Obviously I can't speak for Europeans, but my findings have not been that people worldwide hate Americans (though, it might be a different picture in parts of the Middle East and possibly Asia). Most people do however tend to have an unfavourable outlook on Americans, which I think mostly comes down to 2 factors:

1) USA has an incredibly big God complex
examples:
- You think you're the whole world's big brother and it's your duty to police us all
- You think American cars are the best cars ever made
- World Series Baseball (any American Sport really, but this is an American Sport, played only in America but somehow called a "World Series")
I used these examples mostly because the rest of the world tends to disagree with you on these points.

2) Americans tend to be extremely ignorant of anything outside of the US. How many people in your peer group can identify Mozambique, The Netherlands and Australia on a world map? (Do a search on youtube for "stupid americans" ;) )

Individually, these factors are funny/infuriating. Combined, you should be able to see why other people dislike Americans
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Offline Wyddr

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Re: Serious Question - Do European countries really hate the USA?
« Reply #28 on: November 13, 2013, 09:27:14 AM »
I'm going to presume you're aware that you're stereotyping *all* Americans with the above post. My peer group is quite educated and aware of the world, thanks, and we don't fall into any of the categories you listed. Not even one of them.

And that is why a lot of Americans get pissed off at foreigners. Sure, there's lots of stupid people here. Stupid people live everywhere, though. It's not an American monopoly.

Offline TRang

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Re: Serious Question - Do European countries really hate the USA?
« Reply #29 on: November 13, 2013, 11:07:59 AM »
All international relations should be like this. We're all human beings, and every one of us has flaws. Hatred solves nothing, and choosing to treat someone poorly because of the country they come from is bigotry, pure and simple.

If only it was. Unfortunately the few can make the many look stupid and ignorant.

And honestly my favorite car brand is Toyota. Its called the world series cause its been called that for a hundred years or something. Education in America is bad but... not that bad. I mean you think we cant point out Australia.

Offline CheesyRobMan

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Re: Serious Question - Do European countries really hate the USA?
« Reply #30 on: November 14, 2013, 02:18:38 AM »
Education in America is bad but... not that bad. I mean you think we cant point out Australia.

I remember hearing around the time of the second Gulf war that they had asked some American college students what they thought about it, and then asked them to point out Iraq on a map - 90% of them didn't even know in which region of the world to look. And 50% of them couldn't point to their own country. Now this was perhaps not true, but certainly the stereotype of Americans is that they are very ignorant of the world outside the USA. I emphasise stereotype, I'm well aware that a large number of Americans are smart and well educated. But even watching the news in the USA lends some support to this - local news means news from your state, world news means news from other states, and the only foreign news deemed worthy of attention is either a war that American troops are involved in, a natural disaster, or the British royal family! The USA is almost always shown in isolation - Canada and Mexico are conveniently removed from the weather map. I think this tendency to consider themselves in isolation is one of Americans' biggest weaknesses.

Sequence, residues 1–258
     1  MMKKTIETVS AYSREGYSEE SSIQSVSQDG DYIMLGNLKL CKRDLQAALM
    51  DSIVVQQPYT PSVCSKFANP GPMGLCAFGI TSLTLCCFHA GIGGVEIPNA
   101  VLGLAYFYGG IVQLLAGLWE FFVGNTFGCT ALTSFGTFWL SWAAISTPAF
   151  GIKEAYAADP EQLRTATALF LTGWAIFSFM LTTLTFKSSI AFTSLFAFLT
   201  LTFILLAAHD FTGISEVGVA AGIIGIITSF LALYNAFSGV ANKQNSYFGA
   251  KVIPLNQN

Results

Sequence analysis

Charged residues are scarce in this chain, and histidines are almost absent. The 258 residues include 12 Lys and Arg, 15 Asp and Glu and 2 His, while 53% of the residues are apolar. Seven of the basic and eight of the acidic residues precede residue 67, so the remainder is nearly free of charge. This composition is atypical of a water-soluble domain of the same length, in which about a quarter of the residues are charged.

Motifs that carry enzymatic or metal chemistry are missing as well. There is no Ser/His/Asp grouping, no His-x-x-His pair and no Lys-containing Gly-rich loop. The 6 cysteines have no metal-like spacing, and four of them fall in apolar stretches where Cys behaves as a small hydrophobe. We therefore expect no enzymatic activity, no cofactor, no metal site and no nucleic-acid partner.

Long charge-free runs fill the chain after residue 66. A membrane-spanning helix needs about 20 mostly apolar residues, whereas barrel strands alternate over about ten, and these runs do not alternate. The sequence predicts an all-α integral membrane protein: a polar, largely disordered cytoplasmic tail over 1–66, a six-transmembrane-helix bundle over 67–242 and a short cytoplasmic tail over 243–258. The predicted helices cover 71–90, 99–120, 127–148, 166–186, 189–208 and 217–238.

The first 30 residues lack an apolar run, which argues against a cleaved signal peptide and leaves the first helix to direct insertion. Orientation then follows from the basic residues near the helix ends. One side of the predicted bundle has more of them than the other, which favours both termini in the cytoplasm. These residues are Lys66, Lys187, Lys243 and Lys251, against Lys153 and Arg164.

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Offline TagniK'ZuR

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Re: Serious Question - Do European countries really hate the USA?
« Reply #31 on: November 14, 2013, 05:57:33 AM »
I'm going to presume you're aware that you're stereotyping *all* Americans with the above post.
I assumed you would, this thread is tailor made for stereotyping, even the title implies that we're about to generalize the world into USA and Europe....

Kudos to your peer group then, my personal experience with Americans has not been the same though. I have had to explain to Americans that: "No, South Africa is not close to Libya." "No, we do not have to worry about lions attacking us on our way to work, or chase giraffes from the runway before planes can land at the airport." "Yes, there are white people who live in Africa." and my personal favourite: "No, Africa is not somewhere in South Africa, South Africa is a country in Africa."

And part of the reason why I used Australia in my example is this:
Stupid Americans answering about the World & Geography

Again, I know not all Americans are stupid and/or arrogant (might even add fat if you want) but this how you are percieved by many people in the rest of the world.
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Offline TRang

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Re: Serious Question - Do European countries really hate the USA?
« Reply #32 on: November 14, 2013, 11:04:50 AM »
This channel is like the TMZ of Europe or something.
"now contains over 40 different channels, spans 294 countries and reaches a potential cumulative audience of 100 billion people per week "- CNNNN website.